artist / participant
The most evocative creator in contemporary China
The Mori Art Museum presents “Ai Weiwei: According to What?” from Saturday, 25 July to Sunday, 8 November 2009. Ai Weiwei is a Chinese artist whose activities cover a wide range of genres, from art and architecture to design and publishing. His international reputation was cemented by a series of highly acclaimed projects over the last few years, including Fairytale, his contribution to Documenta 12 in 2007 for which he brought 1,001 Chinese people to Europe, as well as his collaboration with architects Herzog & de Meuron on the “Bird's Nest” Olympic Stadium for the 2008 Beijing Olympics. Up until now, Ai's work has been focused on the connections between art, culture, and society, and on the role of the individual within society. In recent years, he has moved away from the architectural projects that had been a major part of his practice since 1999 and adopted looser parameters that allow him to explore more freely such timeless themes as culture, history, politics and tradition.
This exhibition will show 32 works made since 2000 including five new works, making it one of the largest solo shows for the artist ever held. The subtitle, “According to What?” comes from a painting by Jasper Johns, the artist whose work was the catalyst for Ai's entry into the contemporary art world. It hints at one of the exhibition's goals: to explore the connections between Ai's work and its artistic, cultural and historical backgrounds. The exhibits are varied, ranging from sculptures to photographs, video and site specific installations. They are organized into three sections: “Fundamental Forms and Volumes,” “Structure and Craftsmanship” and “Reforming and Inheriting Tradition.” In this way, the fundamental approach and motivations that unite Ai's myriad creative activities are brought into relief.
In the first section, “Fundamental Forms and Volumes,” the exhibits include a series of cubic and polyhedral forms reminiscent of minimal art and a new installation consisting of blocks of Chinese tea. A video showing the city of Beijing as though closed-circuit television cameras is also exhibited. In “Structure and Craftsmanship” works from the simple but astoundingly minutely carved “Maps” series, the “Furniture” series made since 1997 and a never-before-seen object, called Moonchest, which straddles art, architecture and design, are exhibited. The final section, “Reforming and Inheriting Tradition,” contains a series of works based on ceramics from the Neolithic period and Han and Tang Dynasties and an installation consisting of reassembled parts from Qing Dynasty architecture. In addition, the exhibition includes a documentary video (2 hrs 30 mins) of Fairytale, the project from Documenta 12, which could be described as “social sculpture,” an architectural installation made specifically for the Mori Art Museum and the new version of Chandelier.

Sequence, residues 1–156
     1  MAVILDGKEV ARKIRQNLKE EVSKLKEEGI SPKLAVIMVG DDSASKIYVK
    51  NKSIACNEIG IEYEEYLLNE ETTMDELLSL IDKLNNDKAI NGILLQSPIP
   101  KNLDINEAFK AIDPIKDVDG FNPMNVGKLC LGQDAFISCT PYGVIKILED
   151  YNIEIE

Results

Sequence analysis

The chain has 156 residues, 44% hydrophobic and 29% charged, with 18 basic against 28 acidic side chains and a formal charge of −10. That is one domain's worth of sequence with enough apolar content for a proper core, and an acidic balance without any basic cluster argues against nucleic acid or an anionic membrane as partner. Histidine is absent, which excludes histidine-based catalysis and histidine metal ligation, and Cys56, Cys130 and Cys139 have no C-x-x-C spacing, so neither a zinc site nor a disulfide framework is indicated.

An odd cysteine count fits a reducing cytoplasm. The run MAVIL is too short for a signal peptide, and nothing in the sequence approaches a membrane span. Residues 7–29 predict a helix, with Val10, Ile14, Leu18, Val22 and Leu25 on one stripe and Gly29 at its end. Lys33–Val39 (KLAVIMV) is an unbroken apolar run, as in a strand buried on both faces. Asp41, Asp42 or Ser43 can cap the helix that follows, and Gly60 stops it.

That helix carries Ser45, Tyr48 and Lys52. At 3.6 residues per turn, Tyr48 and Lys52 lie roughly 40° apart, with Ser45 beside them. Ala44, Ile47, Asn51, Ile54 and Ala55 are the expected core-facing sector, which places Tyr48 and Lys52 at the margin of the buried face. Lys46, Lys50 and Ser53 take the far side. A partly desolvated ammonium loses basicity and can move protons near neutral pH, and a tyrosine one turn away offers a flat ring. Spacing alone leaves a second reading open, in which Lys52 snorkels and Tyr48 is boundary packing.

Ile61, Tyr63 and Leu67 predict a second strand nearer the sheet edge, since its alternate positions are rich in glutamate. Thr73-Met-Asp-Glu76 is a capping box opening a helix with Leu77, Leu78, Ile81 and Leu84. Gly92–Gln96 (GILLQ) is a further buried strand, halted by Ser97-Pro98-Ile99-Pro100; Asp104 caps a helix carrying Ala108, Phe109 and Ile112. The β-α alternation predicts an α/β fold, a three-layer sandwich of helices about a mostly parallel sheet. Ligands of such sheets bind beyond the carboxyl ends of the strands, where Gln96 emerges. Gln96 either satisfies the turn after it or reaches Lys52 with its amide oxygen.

Despite being based in a country that is experiencing one of the most rapid periods of economic and social change ever seen, Ai Weiwei manages in his artworks to link the past with the present and the individual with the world. We invite you to see this exhibition and share the visions of contemporary China's most exciting creator. *"MAMProject009:Koizumi Meiro" will be held during this exhibition period in Gallery 1.
Ai WeiWei was born in Beijing in 1957 as the son of Ai Qing, one of modern China’s most renowned poets. He entered the Beijing Film Academy in 1978. In 1979 and then in 1981, Ai took part in exhibitions as a member of “Xingxing (The Stars),” the first avant-garde group in China after the Cultural Revolution. Soon afterwards Ai moved to New York, where he spent 12 years until his return to China in 1993. The influence of American contemporary art and European modernism such as the Dada movement and Duchamp is evident in his work of the 80s. After his return to China, alongside his work in publishing, Ai became involved in the founding of the China Art Archive & Warehouse (CAAW) as artistic director, and has since continued to support emerging young Chinese artists. In 2000 Ai curated the “Fuck Off” exhibition to coincide with the Third Shanghai Biennale. The extreme works that featured in “Fuck Off” were hugely controversial, yet the exhibition itself has become legendary. Meanwhile, Ais design for his home and studio in 1999 became a catalyst for the artist to further extend his creative activity to include architectural designing, and Ai has been involved in over 50 architectural projects within the six to seven years that followed. He designed contemporary art galleries and studio units in the vicinity of his residence in Caochangdi, an area which has been attracting increasing attention as the second art zone after 798 Art Zone in Dashanzi.
ACCORDING TO WHAT?